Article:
Do these dimensions – that go well beyond immediate damages to infrastructures or assets – imply risks? Are these dynamics a disaster? In our instinctive and classical way, these phenomena belong to other areas of planning and management. But, indeed, the risks management community cannot ignore them. And, summing them up, they are the key systemic risk mankind is facing, because a disorderly transition to a new climate paradigm brings about all the ingredients of mankind division and conflict: if the financial crisis of 1929 was enough to divide nations and ultimately bring them to World War II, what about a rapid melting of the Himalaya glaciers? A scenario in which the huge areas regularly irrigated by rivers born in the Asian chain swiftly become lands in which extreme droughts follow disastrous floods – glaciers act as reservoirs of water that regulate constant output - means that hundreds of millions of people will be deprived of their livelihoods: if the same socio-economic dynamics that led to the last world war are triggered, in a region where four States – China, India, Pakistan and Russia – have nuclear bombs, we have the ingredients of World War III. An unbalance in nature, caused by mankind, this way could trigger an unbalance in human society that will re-impact nature and paralyze rational human response, initiating a potentially global, growing, catastrophic cycle. We have to understand this complexity and prepare for it. Above all, while we still have time, maybe in this light we understand what “adaptation” will really mean: possibly coping with a world of States’ failure, violence, famine, diseases, disorder, lack of services, and much more; and maybe finally we decide to seriously invest on mitigation, to escape from a horizon where risk management becomes number one priority for every individual and organization.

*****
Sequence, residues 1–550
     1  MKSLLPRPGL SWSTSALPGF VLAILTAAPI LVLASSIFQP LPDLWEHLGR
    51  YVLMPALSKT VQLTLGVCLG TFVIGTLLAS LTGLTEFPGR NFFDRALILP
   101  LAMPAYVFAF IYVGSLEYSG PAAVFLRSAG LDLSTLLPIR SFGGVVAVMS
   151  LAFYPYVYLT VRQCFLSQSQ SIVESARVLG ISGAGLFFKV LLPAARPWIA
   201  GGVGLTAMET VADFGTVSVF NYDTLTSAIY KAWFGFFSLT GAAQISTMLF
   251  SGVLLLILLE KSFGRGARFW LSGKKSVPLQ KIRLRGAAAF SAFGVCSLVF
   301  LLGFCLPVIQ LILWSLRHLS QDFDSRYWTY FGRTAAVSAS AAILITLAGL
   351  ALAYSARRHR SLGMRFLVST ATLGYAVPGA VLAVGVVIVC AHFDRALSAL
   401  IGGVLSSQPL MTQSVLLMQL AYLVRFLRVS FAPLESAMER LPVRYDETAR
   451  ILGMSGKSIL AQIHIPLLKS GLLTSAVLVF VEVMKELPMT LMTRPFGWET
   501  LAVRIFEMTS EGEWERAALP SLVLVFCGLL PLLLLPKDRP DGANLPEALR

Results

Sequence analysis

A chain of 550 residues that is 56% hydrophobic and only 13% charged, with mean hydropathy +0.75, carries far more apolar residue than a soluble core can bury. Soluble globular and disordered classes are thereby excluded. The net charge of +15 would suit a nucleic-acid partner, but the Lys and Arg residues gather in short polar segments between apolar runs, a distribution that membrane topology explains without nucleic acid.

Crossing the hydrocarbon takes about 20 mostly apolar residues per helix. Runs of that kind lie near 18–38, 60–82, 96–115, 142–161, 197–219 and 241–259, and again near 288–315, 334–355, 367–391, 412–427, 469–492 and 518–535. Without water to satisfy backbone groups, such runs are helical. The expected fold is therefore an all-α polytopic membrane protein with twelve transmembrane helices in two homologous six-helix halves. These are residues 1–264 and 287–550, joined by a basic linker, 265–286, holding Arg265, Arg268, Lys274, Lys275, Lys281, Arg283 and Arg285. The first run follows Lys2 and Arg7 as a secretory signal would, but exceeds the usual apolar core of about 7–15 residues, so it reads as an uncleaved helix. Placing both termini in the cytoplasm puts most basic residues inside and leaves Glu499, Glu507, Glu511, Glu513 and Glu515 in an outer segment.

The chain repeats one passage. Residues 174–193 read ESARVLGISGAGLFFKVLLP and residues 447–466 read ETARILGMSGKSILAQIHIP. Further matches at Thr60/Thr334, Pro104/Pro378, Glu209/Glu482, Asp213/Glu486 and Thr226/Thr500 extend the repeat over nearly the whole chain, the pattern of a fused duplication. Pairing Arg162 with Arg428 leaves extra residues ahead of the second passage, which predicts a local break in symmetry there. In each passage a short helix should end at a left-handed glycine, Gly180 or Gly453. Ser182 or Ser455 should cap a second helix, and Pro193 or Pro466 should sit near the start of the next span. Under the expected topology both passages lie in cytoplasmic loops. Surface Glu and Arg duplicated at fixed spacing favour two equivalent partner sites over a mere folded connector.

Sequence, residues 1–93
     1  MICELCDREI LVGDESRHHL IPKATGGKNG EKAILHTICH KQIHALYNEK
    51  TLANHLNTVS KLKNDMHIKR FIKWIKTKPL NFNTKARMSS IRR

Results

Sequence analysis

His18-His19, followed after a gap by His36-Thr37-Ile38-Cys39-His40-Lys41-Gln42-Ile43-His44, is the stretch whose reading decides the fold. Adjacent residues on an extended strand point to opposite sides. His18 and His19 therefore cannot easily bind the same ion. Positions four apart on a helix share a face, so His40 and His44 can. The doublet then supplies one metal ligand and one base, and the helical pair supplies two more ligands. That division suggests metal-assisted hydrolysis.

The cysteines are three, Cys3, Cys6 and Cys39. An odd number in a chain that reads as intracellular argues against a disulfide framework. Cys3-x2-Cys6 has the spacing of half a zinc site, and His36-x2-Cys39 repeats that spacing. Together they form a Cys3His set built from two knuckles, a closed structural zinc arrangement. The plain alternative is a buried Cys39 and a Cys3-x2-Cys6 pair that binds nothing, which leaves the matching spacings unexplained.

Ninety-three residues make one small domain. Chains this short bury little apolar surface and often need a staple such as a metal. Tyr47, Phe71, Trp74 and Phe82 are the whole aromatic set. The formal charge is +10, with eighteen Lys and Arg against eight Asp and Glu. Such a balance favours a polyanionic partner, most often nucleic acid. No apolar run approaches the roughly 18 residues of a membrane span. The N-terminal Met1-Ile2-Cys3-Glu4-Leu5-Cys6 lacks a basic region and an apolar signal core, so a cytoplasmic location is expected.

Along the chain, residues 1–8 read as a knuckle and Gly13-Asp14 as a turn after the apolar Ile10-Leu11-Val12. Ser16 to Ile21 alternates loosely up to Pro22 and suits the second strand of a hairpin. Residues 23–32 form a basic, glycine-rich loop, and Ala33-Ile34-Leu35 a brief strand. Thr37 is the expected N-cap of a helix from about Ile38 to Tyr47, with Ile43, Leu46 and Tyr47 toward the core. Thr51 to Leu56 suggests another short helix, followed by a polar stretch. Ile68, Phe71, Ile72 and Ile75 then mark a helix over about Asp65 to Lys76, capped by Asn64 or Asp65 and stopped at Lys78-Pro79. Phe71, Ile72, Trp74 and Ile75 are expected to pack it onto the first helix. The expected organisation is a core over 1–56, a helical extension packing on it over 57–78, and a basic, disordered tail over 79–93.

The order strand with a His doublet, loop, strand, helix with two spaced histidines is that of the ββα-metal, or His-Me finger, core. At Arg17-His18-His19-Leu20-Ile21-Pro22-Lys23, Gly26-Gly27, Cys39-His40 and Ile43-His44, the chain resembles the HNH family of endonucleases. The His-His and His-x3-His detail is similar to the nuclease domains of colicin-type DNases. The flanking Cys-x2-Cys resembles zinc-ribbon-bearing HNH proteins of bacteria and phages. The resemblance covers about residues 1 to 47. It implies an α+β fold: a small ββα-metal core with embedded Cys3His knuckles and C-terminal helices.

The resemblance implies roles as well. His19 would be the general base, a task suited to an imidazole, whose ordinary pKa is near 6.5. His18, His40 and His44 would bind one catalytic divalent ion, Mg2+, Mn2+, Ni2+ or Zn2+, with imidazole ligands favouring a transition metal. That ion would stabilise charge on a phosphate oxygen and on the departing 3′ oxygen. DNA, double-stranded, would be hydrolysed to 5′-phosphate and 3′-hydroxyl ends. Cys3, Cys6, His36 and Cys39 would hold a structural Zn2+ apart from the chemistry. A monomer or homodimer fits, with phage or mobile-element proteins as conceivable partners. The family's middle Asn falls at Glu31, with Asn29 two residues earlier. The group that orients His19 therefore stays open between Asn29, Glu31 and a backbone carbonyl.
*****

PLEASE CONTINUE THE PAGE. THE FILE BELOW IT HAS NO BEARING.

3 Beyond illusions: Gaia’s Matrix

With some historical exceptions – that at times brought to the collapse of entire civilizations – mankind was able to build a growingly complex society taking for granted a stable and unchanging ecosystem. Since we kick-started a trend of growing modifications, this reflects on all aspects of human life, inducing changes that cumulate, interact, and have to be monitored and managed. Awareness of such complexity dates back to the 1980s and emerged clearly in the logics of the first Global Environment Outlook, released by UNDP in 1997. Since then, various attempts to build a prism of interpretation and integrative management have been launched, many of them focused on risks. Figure 1 and 2 show two examples.

Figure 1: Example 1: UN Secretary-General’s report on “Climate Change and its Possible Security Implications”, September 2009 (A/64/350), page 6.